In March 2015, the Ministry of Economy, Trade and Industry’s Agency for Natural Resources and Energy revised the accounting provisions in the Electricity Business Act, whereby electric power companies can now calculate decommissioning costs in instalments of up to 10 years, instead of one-time as previously. This enhanced cost recovery provision was to encourage the decommissioning of older and smaller units.
The Onagawa plant is on Japan’s northeastern coast and was the closest plant to the epicentre of the earthquake and tsunami of 11 March 2011. Although the earthquake knocked out four of the five external power lines, the remaining line provided sufficient power for the plant’s three reactors to be brought to cold shutdown. Onagawa 1 briefly suffered a fire in the non-nuclear turbine building. A mission from the International Atomic Energy Agency in August 2012 concluded the plant had been largely unaffected by the tsunami as it sits on an elevated embankment more than 14 metres above sea level.

August 3, 2019 Posted by | Japan | , | Leave a comment

TEPCO to scrap Onagawa NPP’s reactor#1

The 3 reactors at the plant in northeastern Japan have been offline since the March 2011 earthquake and tsunami, and they ain’t comin’ back!
onagawa npp, miyagi pref
Tohoku Electric Power Co.’s Onagawa Nuclear Power Station is seen from a Mainichi Shimbun helicopter in Onagawa, Miyagi Prefecture, on March 11, 2011.

Utility plans to scrap reactor at Onagawa plant

October 25, 2018
Tohoku Electric Power Company has told Miyagi Prefecture that it is going to decommission an aging reactor at its Onagawa nuclear power plant.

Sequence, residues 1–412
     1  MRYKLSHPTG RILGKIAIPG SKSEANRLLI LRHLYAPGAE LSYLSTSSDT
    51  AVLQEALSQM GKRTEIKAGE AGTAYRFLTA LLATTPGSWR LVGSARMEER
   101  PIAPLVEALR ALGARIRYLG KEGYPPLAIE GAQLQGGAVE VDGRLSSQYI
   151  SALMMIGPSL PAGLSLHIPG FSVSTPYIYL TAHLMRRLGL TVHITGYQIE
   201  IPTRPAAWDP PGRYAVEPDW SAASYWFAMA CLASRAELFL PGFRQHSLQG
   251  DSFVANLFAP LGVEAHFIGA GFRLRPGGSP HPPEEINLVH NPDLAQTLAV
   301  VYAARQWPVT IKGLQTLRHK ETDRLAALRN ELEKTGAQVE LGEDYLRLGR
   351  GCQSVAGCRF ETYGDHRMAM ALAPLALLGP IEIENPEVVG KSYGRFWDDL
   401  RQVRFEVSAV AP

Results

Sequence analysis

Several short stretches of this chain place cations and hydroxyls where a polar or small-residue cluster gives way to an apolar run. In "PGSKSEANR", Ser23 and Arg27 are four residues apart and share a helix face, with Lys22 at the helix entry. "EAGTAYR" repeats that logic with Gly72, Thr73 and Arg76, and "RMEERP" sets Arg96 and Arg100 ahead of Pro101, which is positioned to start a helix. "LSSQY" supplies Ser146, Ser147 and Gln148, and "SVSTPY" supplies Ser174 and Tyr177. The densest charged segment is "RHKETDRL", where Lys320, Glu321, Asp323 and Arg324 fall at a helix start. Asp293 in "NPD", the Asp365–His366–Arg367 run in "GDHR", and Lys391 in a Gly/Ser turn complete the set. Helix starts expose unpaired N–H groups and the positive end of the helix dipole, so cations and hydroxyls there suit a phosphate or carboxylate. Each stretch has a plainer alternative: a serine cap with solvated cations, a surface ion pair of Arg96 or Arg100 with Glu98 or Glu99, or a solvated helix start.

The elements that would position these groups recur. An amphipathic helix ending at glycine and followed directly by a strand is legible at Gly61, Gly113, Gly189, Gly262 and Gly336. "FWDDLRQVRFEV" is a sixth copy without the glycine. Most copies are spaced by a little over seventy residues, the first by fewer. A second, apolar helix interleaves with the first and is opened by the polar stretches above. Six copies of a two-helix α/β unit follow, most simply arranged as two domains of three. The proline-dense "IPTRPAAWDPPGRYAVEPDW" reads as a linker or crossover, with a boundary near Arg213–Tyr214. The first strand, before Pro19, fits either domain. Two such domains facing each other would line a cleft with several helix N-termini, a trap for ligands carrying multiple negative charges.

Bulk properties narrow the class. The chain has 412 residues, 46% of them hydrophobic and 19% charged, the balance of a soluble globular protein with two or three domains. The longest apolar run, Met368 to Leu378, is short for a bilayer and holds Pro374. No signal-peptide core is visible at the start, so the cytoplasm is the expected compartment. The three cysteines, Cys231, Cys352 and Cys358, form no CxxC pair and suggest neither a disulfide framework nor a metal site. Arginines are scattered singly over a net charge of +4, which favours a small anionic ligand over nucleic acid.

The 3 reactors at the plant in northeastern Japan have been offline since the March 2011 earthquake and tsunami.
The utility’s president, Hiroya Harada, conveyed its decision to Miyagi Governor Yoshihiro Murai on Thursday.
Harada explained that additional safety steps would create technical difficulties as the No.1 reactor is more than 30 years old. The measures are required under government regulations that were introduced after the 2011 disaster.
Murai asked Tohoku Electric Power to put top priority on safety in scrapping the reactor as the work is expected to take a long time. The governor also asked the utility to properly disclose information and maintain stable power supplies.
The utility hopes to put the 2 other reactors back into operation. The No.2 reactor is being checked by the nuclear regulator, and the firm is preparing to apply for an inspection of the No.3 reactor.
Utilities have decided to decommission 10 reactors at 7 plants, including Onagawa, since the 2011 disaster at the Fukushima Daiichi plant. They cite the huge cost of additional safety measures. These figures do not include the all 6 reactors at Fukushima Daiichi.

Tohoku Electric to scrap aging No. 1 unit at Onagawa nuclear plant

October 25, 2018
SENDAI (Kyodo) — Tohoku Electric Power Co. said Thursday it will scrap the idled No. 1 unit at its Onagawa nuclear power plant in the northeastern Japan prefecture of Miyagi, more than 30 years after it began operation.
The company cited difficulties in taking additional safety measures as well as the relatively small output of the reactor that would make the business unprofitable. Tohoku Electric President Hiroya Harada conveyed its decision to Miyagi Gov. Yoshihiro Murai.
“We decided to decommission (the reactor) at a board meeting today. We took into consideration technical restrictions associated with additional safety measures, output and the years in use,” Harada said when the men met at the prefectural government office.
For its resumption, the company has been required to expand safety measures at the unit under stricter standards introduced after the 2011 Fukushima nuclear disaster.
Under the standards, Japanese nuclear reactors are not allowed, in principle, to operate for more than 40 years.
Having entered into operation in June 1984, the boiling water reactor with an output of 524,000 kilowatts is the oldest among four units operated by the utility.